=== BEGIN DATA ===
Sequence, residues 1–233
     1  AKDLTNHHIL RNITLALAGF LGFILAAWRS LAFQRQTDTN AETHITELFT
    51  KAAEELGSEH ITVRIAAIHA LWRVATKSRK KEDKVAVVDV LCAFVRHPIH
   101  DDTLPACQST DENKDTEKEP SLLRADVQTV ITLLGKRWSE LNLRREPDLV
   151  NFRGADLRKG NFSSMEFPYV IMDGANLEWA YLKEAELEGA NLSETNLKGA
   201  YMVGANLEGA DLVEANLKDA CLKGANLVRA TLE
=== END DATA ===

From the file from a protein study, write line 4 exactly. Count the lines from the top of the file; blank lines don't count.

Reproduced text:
   101  DDTLPACQST DENKDTEKEP SLLRADVQTV ITLLGKRWSE LNLRREPDLV